Tribes Help Salmon Return to Historic Habitat

During spring 2022, the Spokane Tribe of Indians, Colville Confederated Tribes, and the Coeur D’Alene Tribe, along with help from the U.S. Geological Survey, completed phase two of a 20-year project to reintroduce chinook salmon to the Columbia River.

Chinook salmon are a cultural and ecological keystone species for the rivers of the Inland Northwest. These salmon, among other anadromous, ocean-going fish, were blocked from their historical migration routes with the construction of Grand Coulee Dam in 1942. For regional tribes, chinook were once abundant and important subsistence fish upstream of that dam

Paired with previous adult and juvenile releases, this study will be the first large-scale formal research investigating the behavior and survival of these juvenile fish as they make their way through Lake Roosevelt, passing Grand Coulee and Chief Joseph dams, followed by the successive downstream dams on the Columbia River equipped with fish passage.

This is a truly collaborative process, pooling resources between the three tribes. First, Chinook salmon to be released are raised in the Coeur d’Alene tribal fish hatchery.

Next, the Tribes release juvenile chinook into their waterways: Latah Creek, the Spokane River below Nine Mile Dam, and areas of Lake Roosevelt. Releases are timed so that as the fish move downstream, they will create a larger and larger sample size.

Tribes use two different tracking devices: a passive integrated transponder (PIT tag), like ones used in pets, and an acoustic tag. The PIT tags generate data for the life of the fish as it passes through the dams on the Columbia on its way to the ocean, and then hopefully in 2–3 years on its return as an adult swimming upstream through the dams with fish passage.

According to Colville Confederated Tribal fish biologist Casey Baldwin, “The acoustic study that is occurring this spring is the first large-scale pilot study to evaluate survival in reaches of the blocked area and through the dams, and it will also provide some data on travel times and behavior near the dams.”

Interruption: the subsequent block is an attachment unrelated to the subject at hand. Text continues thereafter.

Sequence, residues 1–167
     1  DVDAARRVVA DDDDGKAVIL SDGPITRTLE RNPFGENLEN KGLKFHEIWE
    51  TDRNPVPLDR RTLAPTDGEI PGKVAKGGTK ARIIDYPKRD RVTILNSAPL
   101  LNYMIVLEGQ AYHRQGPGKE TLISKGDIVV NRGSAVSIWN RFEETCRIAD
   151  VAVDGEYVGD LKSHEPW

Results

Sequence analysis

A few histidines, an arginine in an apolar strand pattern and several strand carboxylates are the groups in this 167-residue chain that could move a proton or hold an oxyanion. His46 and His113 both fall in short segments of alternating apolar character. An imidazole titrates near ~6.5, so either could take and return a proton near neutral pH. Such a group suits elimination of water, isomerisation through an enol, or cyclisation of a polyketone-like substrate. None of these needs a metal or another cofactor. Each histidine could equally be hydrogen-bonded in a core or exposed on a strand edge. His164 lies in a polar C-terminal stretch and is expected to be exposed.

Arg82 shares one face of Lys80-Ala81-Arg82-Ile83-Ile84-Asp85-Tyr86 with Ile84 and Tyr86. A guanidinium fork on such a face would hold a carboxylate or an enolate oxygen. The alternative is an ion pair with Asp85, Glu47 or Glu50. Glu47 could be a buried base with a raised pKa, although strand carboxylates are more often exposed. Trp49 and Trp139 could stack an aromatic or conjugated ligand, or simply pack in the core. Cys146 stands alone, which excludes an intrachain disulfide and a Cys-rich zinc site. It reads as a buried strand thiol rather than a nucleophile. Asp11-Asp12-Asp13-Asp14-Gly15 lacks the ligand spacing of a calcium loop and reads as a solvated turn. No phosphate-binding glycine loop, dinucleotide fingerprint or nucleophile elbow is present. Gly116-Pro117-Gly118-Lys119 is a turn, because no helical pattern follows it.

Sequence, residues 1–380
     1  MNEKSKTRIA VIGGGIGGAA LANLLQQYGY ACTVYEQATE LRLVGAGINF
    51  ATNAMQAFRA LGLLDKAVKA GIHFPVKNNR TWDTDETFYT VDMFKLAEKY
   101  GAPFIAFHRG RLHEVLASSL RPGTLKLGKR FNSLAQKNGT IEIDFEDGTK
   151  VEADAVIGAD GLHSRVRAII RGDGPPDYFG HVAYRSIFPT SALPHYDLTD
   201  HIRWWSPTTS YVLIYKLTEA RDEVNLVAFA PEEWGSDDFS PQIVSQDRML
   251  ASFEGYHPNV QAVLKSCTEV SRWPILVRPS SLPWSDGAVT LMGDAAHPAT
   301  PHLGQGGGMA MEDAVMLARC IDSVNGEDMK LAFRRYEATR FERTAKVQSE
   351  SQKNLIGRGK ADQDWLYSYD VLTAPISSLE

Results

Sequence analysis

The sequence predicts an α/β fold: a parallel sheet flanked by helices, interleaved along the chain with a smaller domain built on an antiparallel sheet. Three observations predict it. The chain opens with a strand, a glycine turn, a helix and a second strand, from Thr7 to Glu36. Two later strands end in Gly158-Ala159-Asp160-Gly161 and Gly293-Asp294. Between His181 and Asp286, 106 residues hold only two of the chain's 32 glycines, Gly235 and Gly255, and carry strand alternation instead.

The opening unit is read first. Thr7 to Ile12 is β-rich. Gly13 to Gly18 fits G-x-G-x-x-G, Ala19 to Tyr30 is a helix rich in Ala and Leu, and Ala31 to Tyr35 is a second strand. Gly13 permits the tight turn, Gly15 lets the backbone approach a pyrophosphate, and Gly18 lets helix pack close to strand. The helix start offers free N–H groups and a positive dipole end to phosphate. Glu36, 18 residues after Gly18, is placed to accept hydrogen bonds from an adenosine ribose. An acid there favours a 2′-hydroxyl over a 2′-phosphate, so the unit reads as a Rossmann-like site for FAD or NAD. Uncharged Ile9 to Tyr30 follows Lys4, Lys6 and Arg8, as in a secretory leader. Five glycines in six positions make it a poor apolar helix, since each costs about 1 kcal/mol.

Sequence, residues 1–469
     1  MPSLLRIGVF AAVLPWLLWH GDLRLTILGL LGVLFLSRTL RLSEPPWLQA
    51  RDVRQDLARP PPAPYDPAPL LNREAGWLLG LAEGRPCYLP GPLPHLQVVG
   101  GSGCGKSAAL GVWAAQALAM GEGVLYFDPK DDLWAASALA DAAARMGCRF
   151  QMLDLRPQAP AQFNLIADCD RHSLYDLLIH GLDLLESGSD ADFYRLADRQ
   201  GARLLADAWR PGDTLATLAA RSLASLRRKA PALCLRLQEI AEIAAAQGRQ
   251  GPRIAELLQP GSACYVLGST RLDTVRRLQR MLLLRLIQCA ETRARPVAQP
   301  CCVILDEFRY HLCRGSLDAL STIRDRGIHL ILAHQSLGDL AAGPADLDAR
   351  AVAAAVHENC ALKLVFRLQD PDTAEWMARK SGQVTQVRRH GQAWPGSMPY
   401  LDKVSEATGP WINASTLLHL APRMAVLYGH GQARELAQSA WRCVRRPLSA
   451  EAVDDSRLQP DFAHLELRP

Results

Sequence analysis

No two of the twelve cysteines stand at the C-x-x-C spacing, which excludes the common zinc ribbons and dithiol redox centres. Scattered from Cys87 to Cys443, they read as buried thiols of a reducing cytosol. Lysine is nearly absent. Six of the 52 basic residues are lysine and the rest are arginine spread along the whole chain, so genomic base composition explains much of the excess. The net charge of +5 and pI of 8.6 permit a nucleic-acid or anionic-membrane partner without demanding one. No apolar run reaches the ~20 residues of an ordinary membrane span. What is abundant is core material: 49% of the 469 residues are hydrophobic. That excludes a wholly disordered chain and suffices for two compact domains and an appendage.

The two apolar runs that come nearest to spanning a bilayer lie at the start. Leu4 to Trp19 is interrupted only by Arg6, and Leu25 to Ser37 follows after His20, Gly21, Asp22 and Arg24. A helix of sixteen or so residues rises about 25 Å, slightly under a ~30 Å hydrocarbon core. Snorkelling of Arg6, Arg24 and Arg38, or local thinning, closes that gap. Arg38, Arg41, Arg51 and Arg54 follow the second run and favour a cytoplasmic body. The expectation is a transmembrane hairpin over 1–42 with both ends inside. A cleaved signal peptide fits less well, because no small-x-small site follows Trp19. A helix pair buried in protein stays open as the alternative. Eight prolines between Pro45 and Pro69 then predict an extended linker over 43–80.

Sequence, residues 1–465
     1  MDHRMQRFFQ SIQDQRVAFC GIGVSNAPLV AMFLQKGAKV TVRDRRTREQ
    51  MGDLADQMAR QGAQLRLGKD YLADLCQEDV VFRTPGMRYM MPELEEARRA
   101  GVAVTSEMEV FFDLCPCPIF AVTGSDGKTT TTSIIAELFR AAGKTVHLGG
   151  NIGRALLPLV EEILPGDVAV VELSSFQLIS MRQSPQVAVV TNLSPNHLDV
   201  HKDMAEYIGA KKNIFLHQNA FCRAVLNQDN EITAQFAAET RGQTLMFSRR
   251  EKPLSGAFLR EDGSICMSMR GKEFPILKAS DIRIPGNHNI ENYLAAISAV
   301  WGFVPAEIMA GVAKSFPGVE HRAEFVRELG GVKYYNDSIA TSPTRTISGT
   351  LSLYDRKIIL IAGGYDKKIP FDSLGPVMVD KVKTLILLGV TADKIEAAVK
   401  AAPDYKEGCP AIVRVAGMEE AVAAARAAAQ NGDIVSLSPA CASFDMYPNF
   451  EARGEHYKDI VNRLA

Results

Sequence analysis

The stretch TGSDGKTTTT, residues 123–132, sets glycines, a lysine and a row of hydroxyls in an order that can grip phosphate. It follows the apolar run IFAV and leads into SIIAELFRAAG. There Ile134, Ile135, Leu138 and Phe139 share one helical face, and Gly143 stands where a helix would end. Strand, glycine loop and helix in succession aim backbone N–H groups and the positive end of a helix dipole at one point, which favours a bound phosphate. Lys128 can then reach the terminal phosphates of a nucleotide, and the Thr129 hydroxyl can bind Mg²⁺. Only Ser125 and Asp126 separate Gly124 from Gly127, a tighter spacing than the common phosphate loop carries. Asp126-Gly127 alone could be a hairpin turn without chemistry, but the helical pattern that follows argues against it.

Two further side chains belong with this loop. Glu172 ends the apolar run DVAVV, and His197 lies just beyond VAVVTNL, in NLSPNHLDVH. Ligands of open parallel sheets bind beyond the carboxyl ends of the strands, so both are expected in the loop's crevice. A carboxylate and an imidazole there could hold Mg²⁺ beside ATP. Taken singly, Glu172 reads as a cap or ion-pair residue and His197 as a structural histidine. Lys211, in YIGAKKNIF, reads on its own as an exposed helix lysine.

Due to size and battery life, acoustic tags will provide data for an average of 80 days. The Tribes share the maintenance of 50 acoustic arrays in Lake Roosevelt.

Tribal Fish Biologist Casey Baldwin, wearing a plaid shirt and orange life jacket, releases acustic tagged chinock salmon using a bucket to pour water and fish from a boat.
Tribes help salmon return to historic habitat: Tribal Fish Biologist Casey Baldwin releases acoustic-tagged chinook at the Sanpoil Arm. // Photo: Adam Gebauer

The acoustic tags can be monitored from approximately 200 meters away of an array, whereas the PIT tags must come within five feet of a reader. The PIT tag readers are located in fish passages on Rocky Reach Dam, near the city of Wenatchee, Wash., and other downstream dams.

For this season, the study has a sample size of 770 acoustic tags and approximately 4,500 PIT tags, released at nine different sites. The Tribes will repeat this study for the next three years.

Although this season marks the first formal study on juvenile chinook behavior and survival, there have been previous adult and juvenile releases for both cultural and research purposes. Releases in both the Sanpoil and the Little Spokane Rivers reveal that habitat above the dams is suitable for successful reproduction.

In the Sanpoil River, the Colville Tribe has confirmed successful spawning through the documentation of redds (spawning nests) and out-migrating juveniles past the dam the following spring.

Tribes help salmon return: Chinook released into Little Spokane River, as documented by Spokane Riverkeeper.

In August 2021, the Spokane Tribe released 51 adults, 20 with radio tags, in the Waikiki springs area of the Little Spokane and found nine redds, although their surveys were limited due to private property river access.

If landowners along the Little Spokane are interested in helping the reintroduction effort, they can contact Spokane Tribal Fisheries about conducting surveys within their private waterways.

The fish of the Columbia River were and are the cultural touchstone for the Tribes of the Upper Columbia. The salmon that once ran from the streams of northeast Washington and North Idaho to the ocean and back supplied up to 75% of the subsidence diet and were the focus of seasonal gatherings, trade, and ceremonies.

As the late Colville Tribal elder Mary Marchand once said, “If you bring back our salmon, you will bring back our culture.”

Originally published in the May-June 2022 print issue.

Find more stories about salmon in the OTO archives.

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